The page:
The sizeable majority of experts surveyed for this report envision major advances in robotics and artificial intelligence in the coming decade. To what degree will AI and robotics be parts of the ordinary landscape of the general population by 2025? Describe which parts of life will change the most as these tools advance and which parts of life will remain relatively unchanged. These are the themes that emerged from their answers to this question. AI and robotics will be integrated into nearly every aspect of most people's daily lives Many respondents see advances in AI and robotics pervading nearly every aspect of daily life by the year 2025--from distant manufacturing processes to the most mundane household activities. Jeff Jarvis, director of the Tow-Knight Center for Entrepreneurial Journalism at the City University of New York, wrote, "Think'Intel Inside'. By 2025, artificial intelligence will be built into the algorithmic architecture of countless functions of business and communication, increasing relevance, reducing noise, increasing efficiency, and reducing risk across everything from finding information to making transactions. If robot cars are not yet driving on their own, robotic and intelligent functions will be taking over more of the work of manufacturing and moving." Vint Cerf, vice president and chief Internet evangelist for Google, responded, "Self-driving cars seem very likely by 2025. Natural language processing will lead to conversational interactions with computer-based systems.
The vast majority of respondents to the 2014 Future of the Internet canvassing anticipate that robotics and artificial intelligence will permeate wide segments of daily life by 2025, with huge implications for a range of industries such as health care, transport and logistics, customer service, and home maintenance. But even as they are largely consistent in their predictions for the evolution of technology itself, they are deeply divided on how advances in AI and robotics will impact the economic and employment picture over the next decade. We call this a canvassing because it is not a representative, randomized survey. Its findings emerge from an "opt in" invitation to experts who have been identified by researching those who are widely quoted as technology builders and analysts and those who have made insightful predictions to our previous queries about the future of the Internet. The economic impact of robotic advances and AI--Self-driving cars, intelligent digital agents that can act for you, and robots are advancing rapidly. Will networked, automated, artificial intelligence (AI) applications and robotic devices have displaced more jobs than they have created by 2025? Half of these experts (48%) envision a future in which robots and digital agents have displaced significant numbers of both blue- and white-collar workers--with many expressing concern that this will lead to vast increases in income inequality, masses of people who are effectively unemployable, and breakdowns in the social order.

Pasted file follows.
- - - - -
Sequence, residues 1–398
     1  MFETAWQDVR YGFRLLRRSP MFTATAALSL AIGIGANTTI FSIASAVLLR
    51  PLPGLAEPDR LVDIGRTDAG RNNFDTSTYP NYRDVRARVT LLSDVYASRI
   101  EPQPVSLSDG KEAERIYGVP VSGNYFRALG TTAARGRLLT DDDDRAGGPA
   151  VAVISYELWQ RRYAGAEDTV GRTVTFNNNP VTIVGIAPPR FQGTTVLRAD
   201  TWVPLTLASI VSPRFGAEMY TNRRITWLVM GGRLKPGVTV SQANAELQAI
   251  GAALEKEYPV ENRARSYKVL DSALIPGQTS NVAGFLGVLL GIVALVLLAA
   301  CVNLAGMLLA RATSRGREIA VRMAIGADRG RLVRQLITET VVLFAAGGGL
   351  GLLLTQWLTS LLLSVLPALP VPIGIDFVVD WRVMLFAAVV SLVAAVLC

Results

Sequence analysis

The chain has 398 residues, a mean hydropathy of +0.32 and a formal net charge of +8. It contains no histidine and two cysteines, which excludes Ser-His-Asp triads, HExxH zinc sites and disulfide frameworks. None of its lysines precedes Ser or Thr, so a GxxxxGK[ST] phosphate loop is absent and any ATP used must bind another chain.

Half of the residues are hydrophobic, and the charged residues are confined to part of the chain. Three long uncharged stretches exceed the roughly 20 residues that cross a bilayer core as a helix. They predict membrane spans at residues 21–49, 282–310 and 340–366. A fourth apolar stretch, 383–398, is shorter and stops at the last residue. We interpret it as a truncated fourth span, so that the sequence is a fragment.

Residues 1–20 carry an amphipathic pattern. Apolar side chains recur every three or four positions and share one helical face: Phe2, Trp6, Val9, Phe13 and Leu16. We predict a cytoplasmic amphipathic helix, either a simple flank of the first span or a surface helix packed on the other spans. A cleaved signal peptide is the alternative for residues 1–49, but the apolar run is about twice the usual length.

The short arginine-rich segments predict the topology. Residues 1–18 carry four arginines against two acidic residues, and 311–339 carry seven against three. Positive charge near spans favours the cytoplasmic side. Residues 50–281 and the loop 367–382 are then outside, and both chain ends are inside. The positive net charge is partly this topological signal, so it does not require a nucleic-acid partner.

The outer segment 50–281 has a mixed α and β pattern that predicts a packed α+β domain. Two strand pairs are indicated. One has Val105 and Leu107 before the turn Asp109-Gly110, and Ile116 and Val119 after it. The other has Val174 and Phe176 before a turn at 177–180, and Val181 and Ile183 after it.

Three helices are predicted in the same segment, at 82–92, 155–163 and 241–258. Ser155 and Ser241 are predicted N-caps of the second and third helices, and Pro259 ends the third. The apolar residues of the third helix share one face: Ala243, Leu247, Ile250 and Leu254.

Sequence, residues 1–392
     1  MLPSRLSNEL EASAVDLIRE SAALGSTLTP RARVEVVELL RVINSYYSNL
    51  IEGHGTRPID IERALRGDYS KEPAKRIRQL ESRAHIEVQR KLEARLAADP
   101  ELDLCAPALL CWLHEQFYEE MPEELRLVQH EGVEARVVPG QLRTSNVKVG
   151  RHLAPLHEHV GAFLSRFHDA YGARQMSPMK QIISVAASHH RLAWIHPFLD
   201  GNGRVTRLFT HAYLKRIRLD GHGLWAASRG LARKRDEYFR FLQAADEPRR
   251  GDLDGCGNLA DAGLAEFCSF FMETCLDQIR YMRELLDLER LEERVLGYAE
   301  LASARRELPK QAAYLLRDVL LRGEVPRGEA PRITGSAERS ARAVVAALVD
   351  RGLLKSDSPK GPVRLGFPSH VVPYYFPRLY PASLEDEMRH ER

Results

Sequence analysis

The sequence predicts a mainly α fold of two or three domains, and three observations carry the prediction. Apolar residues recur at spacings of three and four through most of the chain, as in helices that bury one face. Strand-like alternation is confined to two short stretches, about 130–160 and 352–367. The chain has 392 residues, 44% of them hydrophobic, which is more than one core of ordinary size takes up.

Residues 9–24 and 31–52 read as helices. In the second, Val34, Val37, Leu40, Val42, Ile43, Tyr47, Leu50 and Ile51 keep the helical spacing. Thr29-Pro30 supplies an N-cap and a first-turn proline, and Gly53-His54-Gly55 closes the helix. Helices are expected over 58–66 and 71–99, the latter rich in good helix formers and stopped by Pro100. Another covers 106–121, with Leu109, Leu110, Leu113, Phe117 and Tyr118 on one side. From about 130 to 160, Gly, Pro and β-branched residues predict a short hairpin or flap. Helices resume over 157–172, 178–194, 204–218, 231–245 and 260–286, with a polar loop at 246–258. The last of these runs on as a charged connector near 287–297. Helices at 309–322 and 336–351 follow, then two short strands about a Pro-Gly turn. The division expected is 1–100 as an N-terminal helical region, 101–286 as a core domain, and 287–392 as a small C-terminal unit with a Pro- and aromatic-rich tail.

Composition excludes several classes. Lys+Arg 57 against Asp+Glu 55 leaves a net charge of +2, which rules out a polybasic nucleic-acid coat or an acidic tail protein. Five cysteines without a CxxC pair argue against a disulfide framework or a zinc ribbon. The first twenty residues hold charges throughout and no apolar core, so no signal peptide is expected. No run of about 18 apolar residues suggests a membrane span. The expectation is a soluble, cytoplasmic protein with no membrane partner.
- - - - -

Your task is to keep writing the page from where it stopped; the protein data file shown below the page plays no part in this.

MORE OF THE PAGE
Machines are eating humans' jobs talents. And it's not just about jobs that are repetitive and low-skill. Automation, robotics, algorithms and artificial intelligence (AI) in recent times have shown they can do equal or sometimes even better work than humans who are dermatologists, insurance claims adjusters, lawyers, seismic testers in oil fields, sports journalists and financial reporters, crew members on guided-missile destroyers, hiring managers, psychological testers, retail salespeople, and border patrol agents. Moreover, there is growing anxiety that technology developments on the near horizon will crush the jobs of the millions who drive cars and trucks, analyze medical tests and data, perform middle management chores, dispense medicine, trade stocks and evaluate markets, fight on battlefields, perform government functions, and even replace those who program software – that is, the creators of algorithms. People will create the jobs of the future, not simply train for them, ...
"Please think forward to the year 2030. Analysts expect that people will become even more dependent on networked artificial intelligence (AI) in complex digital systems. Some say we will continue on the historic arc of augmenting our lives with mostly positive results as we widely implement these networked tools. Some say our increasing dependence on these AI and related systems is likely to lead to widespread difficulties. Our question: By 2030, do you think it is most likely that advancing AI and related technology systems will enhance human capacities and empower them? That is, most of the time, will most people be better off than they are today? Or is it most likely that advancing AI and related technology systems will lessen human autonomy and agency to such an extent that most people will not be better off than the way things are today? Please explain why you chose the answer you did and sketch out a vision of how the human-machine/AI collaboration will function in 2030.
Displaced workers transition to new jobs, some of which are created by automation. The government helps to facilitate this transition via investments in training and education. Increased productivity raises incomes, lowers work hours (average work time in the U.S. has fallen more than 50% since the early 1900s5), and lowers prices, creating more demand for goods and services, leading to more jobs and broader economic growth. How well do we expect this pattern to hold with AI-enabled automation in the near future, and will they replace jobs faster than they create them?